I loved slathering butter liberally in the inside of the soufflé mold, and sprinkling it with freshly grated Parmesan cheese. This is an important step because as the soufflé rises, the butter and cheese will help it slide up the sides of the mold, and when it's done baking you have these lovely specks of salty Parm studding the outside of each slice.

The initial sauce can be made ahead, but it's a bit tricky here to follow their directions word-for-word. French cooking is a delicate dance between balance and time. Making sure your roux doesn't brown before pouring in boiling milk takes timing and adjustment. Even so, mine browned just a bit. My advice is to have every single component you need for each step of the recipe out and ready to go before even starting.

Here's another challenge when making a Cheese Soufflé for dinner: Two out of three of my children not only hate eggs, but hate melted cheese (Hello, are you sure you're my children?), and they wouldn't stop coming into the kitchen, slipping through the hands of my husband who had been tasked with keeping them out to ask me for the millionth time, "What are we having for dinner?"

"Food."

"What kind of food?"

"Good food." And on and on as their suspicions deepened, and I finally blurted out, "Soufflé! We're having Soufflé!"

"I hate Soufflé!"

"You've never even had it."

It was at this point that they all remembered that one of their favorite episodes of Jake and the Neverland Pirates included a Soufflé monster (just go with it), and they were completely fascinated.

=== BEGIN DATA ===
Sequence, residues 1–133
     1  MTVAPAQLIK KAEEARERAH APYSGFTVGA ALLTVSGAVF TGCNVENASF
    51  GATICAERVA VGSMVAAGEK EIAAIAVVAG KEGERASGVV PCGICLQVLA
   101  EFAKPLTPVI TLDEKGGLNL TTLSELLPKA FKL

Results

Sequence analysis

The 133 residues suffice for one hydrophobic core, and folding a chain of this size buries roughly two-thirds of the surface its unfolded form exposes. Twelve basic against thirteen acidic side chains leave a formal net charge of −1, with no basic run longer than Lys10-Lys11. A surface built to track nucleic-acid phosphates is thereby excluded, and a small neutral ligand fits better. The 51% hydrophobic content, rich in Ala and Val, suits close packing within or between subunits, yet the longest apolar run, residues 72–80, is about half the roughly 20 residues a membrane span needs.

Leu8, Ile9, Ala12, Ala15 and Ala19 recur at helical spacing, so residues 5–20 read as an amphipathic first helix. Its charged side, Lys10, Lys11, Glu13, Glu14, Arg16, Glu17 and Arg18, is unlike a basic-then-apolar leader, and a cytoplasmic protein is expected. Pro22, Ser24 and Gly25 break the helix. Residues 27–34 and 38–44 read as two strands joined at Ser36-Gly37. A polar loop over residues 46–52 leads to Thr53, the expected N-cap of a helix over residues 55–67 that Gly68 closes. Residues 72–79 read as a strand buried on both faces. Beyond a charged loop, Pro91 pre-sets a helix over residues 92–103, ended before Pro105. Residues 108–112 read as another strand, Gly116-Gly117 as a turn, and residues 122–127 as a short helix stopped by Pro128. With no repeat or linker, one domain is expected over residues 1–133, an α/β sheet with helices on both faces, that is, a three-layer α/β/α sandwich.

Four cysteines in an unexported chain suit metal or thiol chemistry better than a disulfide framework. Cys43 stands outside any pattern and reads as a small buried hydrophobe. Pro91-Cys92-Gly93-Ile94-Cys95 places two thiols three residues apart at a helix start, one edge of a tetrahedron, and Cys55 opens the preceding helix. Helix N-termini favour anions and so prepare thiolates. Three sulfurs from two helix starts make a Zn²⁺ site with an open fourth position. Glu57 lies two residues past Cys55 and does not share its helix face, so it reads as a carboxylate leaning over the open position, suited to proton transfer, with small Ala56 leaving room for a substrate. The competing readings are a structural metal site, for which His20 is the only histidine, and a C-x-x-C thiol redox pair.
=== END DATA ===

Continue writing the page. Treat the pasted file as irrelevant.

Soufflé Au Fromage

I sprinkled the top of the mixture in the mold with a liberal amount of good Swiss cheese (much more than the recommended 1 Tbsp.), and into the oven it went. We waited with baited breath over the next 25 minutes hoping it would rise...and it did! It was lovely, and glorious, and yes, I felt triumphant. Of course, it started deflating the moment I took it out of the oven, but it didn't fall too terribly far.

I served it with a mixed green salad with slivers of oranges and a pomegranate dressing and also star fruit. A nice Chardonnay to toast its lofty, light, fluffy existence. And all of the kids tried it! The one who loves eggs and cheese devoured her whole serving and asked for more. The other two took a couple of bites and then refused it. Luckily I had chicken nuggets on hand, and they also, um, had some deer heart (which is another story for another time).

Cheese soufflé paired with a mixed greens and orange salad.

The soufflé was delicious. Crispy on top; and like eating an eggy, cheesy cloud on the inside.

Next challenge for me? Coq Au Vin. Mastering the Art of French Cooking's recipe, of course.

Note: I would like to reprint the recipe here, but not only would I be infringing on copyright laws, but I would also be missing the point. The genius of this recipe is that you learn a lot from it. In order to do that correctly, you really need your own copy of Mastering the Art of French cooking. In lieu of that, you can easily Google it, and find blogs who have taken the time to type out the recipe. Or you can use Ina Garten's recipe which you can find here. Her recipe, though it uses spinach and cheddar (instead of Swiss), is almost word-for-word identical to the one I used, and you won't go wrong.


2 comments :

The Terminator said...

Looks delicious. Will try to make one this weekend. Thanks for your interesting writing as well.

Jenna said...

Thank you so much for reading! Let me know how it turns out, ok?